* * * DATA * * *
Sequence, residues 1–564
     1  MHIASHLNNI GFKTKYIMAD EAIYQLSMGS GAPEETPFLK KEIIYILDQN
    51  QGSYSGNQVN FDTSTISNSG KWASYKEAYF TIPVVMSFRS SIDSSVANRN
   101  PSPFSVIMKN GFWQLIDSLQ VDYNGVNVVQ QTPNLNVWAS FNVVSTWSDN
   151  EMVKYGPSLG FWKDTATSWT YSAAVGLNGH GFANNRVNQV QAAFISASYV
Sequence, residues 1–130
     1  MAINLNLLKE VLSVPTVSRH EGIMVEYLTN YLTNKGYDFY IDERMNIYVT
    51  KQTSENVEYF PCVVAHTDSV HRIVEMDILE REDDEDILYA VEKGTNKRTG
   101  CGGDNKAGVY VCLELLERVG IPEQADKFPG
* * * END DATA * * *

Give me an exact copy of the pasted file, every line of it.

Sequence, residues 1–564
     1  MHIASHLNNI GFKTKYIMAD EAIYQLSMGS GAPEETPFLK KEIIYILDQN
    51  QGSYSGNQVN FDTSTISNSG KWASYKEAYF TIPVVMSFRS SIDSSVANRN
   101  PSPFSVIMKN GFWQLIDSLQ VDYNGVNVVQ QTPNLNVWAS FNVVSTWSDN
   151  EMVKYGPSLG FWKDTATSWT YSAAVGLNGH GFANNRVNQV QAAFISASYV
Sequence, residues 1–130
     1  MAINLNLLKE VLSVPTVSRH EGIMVEYLTN YLTNKGYDFY IDERMNIYVT
    51  KQTSENVEYF PCVVAHTDSV HRIVEMDILE REDDEDILYA VEKGTNKRTG
   101  CGGDNKAGVY VCLELLERVG IPEQADKFPG